A town council in Ukraine had local cell sites removed, leaving the place with almost no mobile communications. The decision was made, following residents’ complaints over health problems and increased number of cancer diagnoses blamed on the equipment.

A group of activists at the town of Yaremche, a ski-resort in Ukraine’s Carpathian mountains, have succeeded in pressuring local authorities into dismantling the cell sites of the town’s two major mobile connection providers – Kyivstar and MTS. Residents claimed the number of cancer cases increased since the equipment was installed at the top of a chimney near a hospital in 2004. 

"We sought help from the sanitary and epidemiological service,” said the town’s first deputy head, Yury Bodoryak, as cited by Ukrainian on-line source, Obozrevatel. “They only told us that the radiation was above normal and that was it. But finding ourselves under pressure from the residents we had to make that decision.” 

Mobile service providers are now trying to challenge the decision in court. 

“The location of the cell site in Yaremche fully complied with all the technical and sanitary requirements for this kind of equipment, according to Ukrainian legislation,” said Mikhail Shuranov, corporate communications director at Kyivstar, as cited by website Delo.ua. “That’s why we have challenged the decision in court, as we consider it unfounded”.

The date of the hearings is not yet known. Providers hope the authorities change their mind. They believe the place they chose for the cell sites is the only option available taking into account the town’s geographical characteristics. Yaremche is surrounded by mountains, so the transmitter should be placed somewhere in the town center for smooth network functioning. 

Kyivstar provides mobile communications to 80 percent of Yaremche’s population of 8,000 people, not all of whom are happy with their cell phones becoming non-functional. Opinions are split at the town’s Facebook page.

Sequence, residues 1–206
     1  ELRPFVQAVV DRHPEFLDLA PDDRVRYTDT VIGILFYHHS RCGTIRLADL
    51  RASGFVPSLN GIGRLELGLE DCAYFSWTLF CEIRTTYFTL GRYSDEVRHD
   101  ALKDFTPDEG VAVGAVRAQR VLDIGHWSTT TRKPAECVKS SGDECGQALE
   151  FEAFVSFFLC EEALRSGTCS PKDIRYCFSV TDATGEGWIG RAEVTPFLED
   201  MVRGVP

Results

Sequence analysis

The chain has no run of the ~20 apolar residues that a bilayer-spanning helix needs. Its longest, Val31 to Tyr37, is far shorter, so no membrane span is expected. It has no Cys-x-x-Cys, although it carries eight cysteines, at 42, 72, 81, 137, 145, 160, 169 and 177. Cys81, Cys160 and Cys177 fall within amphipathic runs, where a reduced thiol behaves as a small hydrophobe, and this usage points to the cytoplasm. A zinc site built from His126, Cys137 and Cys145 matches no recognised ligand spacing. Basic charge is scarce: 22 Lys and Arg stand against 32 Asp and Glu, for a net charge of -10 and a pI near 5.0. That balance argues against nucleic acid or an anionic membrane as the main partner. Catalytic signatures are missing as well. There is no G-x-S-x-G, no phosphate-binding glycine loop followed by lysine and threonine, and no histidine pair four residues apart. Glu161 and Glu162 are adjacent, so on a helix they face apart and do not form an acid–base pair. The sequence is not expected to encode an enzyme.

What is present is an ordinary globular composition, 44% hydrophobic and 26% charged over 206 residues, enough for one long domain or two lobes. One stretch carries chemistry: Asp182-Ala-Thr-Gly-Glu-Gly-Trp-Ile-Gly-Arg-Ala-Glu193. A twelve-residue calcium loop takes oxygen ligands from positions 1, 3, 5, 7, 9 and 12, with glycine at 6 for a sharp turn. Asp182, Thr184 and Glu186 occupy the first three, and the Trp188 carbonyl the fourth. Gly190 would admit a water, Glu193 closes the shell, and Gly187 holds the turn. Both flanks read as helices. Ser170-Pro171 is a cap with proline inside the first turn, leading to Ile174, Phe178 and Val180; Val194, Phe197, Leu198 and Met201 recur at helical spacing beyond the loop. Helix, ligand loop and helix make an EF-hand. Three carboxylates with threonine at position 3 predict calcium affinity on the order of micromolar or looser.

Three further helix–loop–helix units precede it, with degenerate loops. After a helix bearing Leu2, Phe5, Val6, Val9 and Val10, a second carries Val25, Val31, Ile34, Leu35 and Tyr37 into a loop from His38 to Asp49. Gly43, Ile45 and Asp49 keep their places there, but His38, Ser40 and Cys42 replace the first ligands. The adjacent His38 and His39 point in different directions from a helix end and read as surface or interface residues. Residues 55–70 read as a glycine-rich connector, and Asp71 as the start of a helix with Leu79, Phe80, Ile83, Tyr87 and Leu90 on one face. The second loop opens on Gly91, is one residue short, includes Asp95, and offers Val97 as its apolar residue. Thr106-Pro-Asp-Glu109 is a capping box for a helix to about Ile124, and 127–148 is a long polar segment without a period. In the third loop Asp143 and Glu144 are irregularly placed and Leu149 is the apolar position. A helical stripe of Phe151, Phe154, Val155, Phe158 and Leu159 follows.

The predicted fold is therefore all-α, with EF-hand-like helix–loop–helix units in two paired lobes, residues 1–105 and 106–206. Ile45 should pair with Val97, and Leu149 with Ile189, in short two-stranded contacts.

“The authorities should solve the real problems better, like bad roads, and not invented ones,” a user suggests, while another one comes up with a sarcastic remark: “Prices for carrier pigeons have soared in Yaremche.” 
Still, there are those who believe the town’s authorities did the right thing. 

“There truly is radiation from cell sites and everybody knows that… There certainly should not be anything like that near a hospital. The question is WHERE to move it,” a comment reads.

And this is something the town’s leadership and the mobile service providers can’t agree upon, citing each other’s unwillingness to cooperate. Meanwhile, many in the town are concerned with the impact the absence of mobile communications might have on local tourism. Hotel owners fear the situation might cost them bookings, while travel agencies question the ski-resort’s security, as calling for help in an emergency becomes problematic.  

In an attempt to resolve the crisis, Yaremche’s authorities scheduled public hearings over the issue for November 4. 

It’s not the first time that a local Ukrainian community has campaigned against mobile communications. In 2009, in the southern town of Belgorod-Dnestrovsky, the local authorities made a decision to switch off cellular signals. 

Several hours later they were switched on again, following massive uproar among local cell phone users. 

While there’s a lot of research that speaks about a possible link between cell phone use and cancer, so far there has not been sufficient proof of this theory. 

“Studies to date provide no indication that environmental exposure to RF (radio frequency) fields, such as from base stations, increases the risk of cancer or any other disease. Scientists have reported other health effects of using mobile phones including changes in brain activity, reaction times, and sleep patterns. These effects are minor and have no apparent health significance.” the World Health Organisation said in an advisory, issued in October. 
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